Busy consultant loses weight with the help of a new outpatient weight loss procedure
Ever since her college years, Christina Brodzik, 42, struggled with her weight. “I had a genuine love for fast food and no self-control with portion sizes,” she admitted.
Additionally, her work as a busy consultant for one of the largest accounting firms in the world has the mother of two traveling Monday through Thursday, making exercising and eating well a challenge.
Brodzik had tried every diet in the world, but nothing seemed to work — until last year, when her husband read an article about endoscopic sleeve gastroplasty (ESG), a new nonsurgical weight loss procedure offered at the University of Chicago Medicine's Center for Endoscopic Research and Therapeutics (CERT). It’s currently one of the only locations in Chicago offering this new procedure.
At 5’2” and 225 pounds, Brodzik was ready to try something new. In September 2017, the northwest Chicago suburban mom met with gastroenterologist Christopher Chapman, MD, director of bariatric and metabolic endoscopy. And on Dec. 20, 2017, a day that Brodzik calls “one of my favorite days ever,” she underwent the procedure.
“From the second I had the surgery, I felt like I got my life back,” said Brodzik, who has since lost nearly 75 pounds and no longer suffers from severe sleep apnea, one common side effect of being overweight.
From the second I had the surgery, I felt like I got my life back.
ESG and other endoscopic therapies for weight loss are designed for patients with a body mass index (BMI) between 30 and 40 and who want to lose 30-60 pounds. During the nonsurgical procedure, while the patient is asleep, the physician threads a flexible tube about the size of a finger — called an endoscope — through the mouth, down the esophagus and into the stomach. Using a device attached to the endoscope, the physician stitches and tightens sutures, decreasing the size and volume of the stomach by about 60 percent. People eat less, get full faster and lose weight. It’s an outpatient procedure with the majority of patients going home the same day.
In addition to sleep apnea, endoscopic sleeve gastroplasty can also help treat diabetes, high blood pressure, fatty liver disease and other obesity-related conditions, according to preliminary data.
The procedure takes about 60-90 minutes and afterwards, patients are observed for two hours before they go home. It was the best solution for Brodzik, who had been exploring a full gastric bypass, a more invasive surgical procedure.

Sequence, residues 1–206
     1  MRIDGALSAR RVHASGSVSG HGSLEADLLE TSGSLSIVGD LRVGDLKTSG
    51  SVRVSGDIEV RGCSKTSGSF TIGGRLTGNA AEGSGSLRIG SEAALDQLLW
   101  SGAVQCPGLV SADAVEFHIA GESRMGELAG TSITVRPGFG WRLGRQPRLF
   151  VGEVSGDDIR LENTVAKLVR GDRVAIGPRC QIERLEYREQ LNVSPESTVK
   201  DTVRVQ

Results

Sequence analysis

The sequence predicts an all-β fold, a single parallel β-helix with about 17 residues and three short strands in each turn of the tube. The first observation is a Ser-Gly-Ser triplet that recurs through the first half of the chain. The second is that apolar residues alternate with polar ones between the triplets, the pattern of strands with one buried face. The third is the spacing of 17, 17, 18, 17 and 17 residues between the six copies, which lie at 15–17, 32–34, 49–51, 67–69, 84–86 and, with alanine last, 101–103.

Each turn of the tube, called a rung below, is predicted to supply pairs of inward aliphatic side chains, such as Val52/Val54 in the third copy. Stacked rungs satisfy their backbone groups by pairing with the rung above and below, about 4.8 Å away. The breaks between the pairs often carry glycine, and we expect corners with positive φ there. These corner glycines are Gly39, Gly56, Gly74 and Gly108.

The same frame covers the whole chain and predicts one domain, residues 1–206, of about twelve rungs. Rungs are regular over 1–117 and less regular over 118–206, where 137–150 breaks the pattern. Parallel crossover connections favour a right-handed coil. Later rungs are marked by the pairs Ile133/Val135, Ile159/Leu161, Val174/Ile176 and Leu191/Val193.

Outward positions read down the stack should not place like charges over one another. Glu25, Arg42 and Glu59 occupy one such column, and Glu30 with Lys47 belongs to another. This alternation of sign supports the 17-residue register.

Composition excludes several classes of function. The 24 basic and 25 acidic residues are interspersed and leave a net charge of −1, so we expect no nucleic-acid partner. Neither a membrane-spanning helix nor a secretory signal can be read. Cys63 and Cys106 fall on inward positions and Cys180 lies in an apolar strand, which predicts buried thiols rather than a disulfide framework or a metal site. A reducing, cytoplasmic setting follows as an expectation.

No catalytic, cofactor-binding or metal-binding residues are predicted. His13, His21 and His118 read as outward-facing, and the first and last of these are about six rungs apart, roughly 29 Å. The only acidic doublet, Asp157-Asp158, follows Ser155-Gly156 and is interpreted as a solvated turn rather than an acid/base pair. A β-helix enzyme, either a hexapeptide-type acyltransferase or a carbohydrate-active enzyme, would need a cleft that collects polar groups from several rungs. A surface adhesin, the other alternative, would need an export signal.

“That just wasn’t for me,” she said. “I couldn’t commit to a full year of nutritional counseling because of my job, and I was really struggling with the permanence of the procedure and being out of work for several weeks. That’s not something I could do.” Instead she scheduled her ESG for the end of the year, when she took two weeks off for the holidays.
In the first week after her endoscopic sleeve gastroplasty (ESG), Brodzik lost 12 pounds. In the first month she lost 24 pounds, and since then she has lost a total of 73 pounds. Her BMI has dropped from 41 to 27. She has maintained her weight loss – and continued to lose weight – for more than a year.
“We’re excited about the ESG procedure because we know that patients are interested in the latest minimally invasive weight loss procedures, and our data is showing that with dedicated lifestyle changes, people can successfully maintain this weight loss for years,” Chapman said.
In coming months, UChicago Medicine will be one of eight centers around the country taking part in a clinical trial comparing endoscopic sleeve gastroplasty with a diet and exercise program.
“We think the ESG procedure will work better than diet and exercise alone,” said Chapman, who added that patients who may not have financial means for the procedure will be able to participate in the trial.
For her part, Brodzik is thrilled with the results.
“I feel much healthier, I can order clothing online and I can shop at ‘regular’ clothing stores,” she said. “I’m much happier overall, and I feel proud of my appearance and the fact that I accomplished this.”
Christopher Chapman, MD
Dr. Chapman is a skilled gastroenterologist with an expertise in minimally invasive, endoscopic bariatric therapies, such as endoscopic sleeve gastroplasty and bariatric surgery revision.See Dr. Chapman's bio
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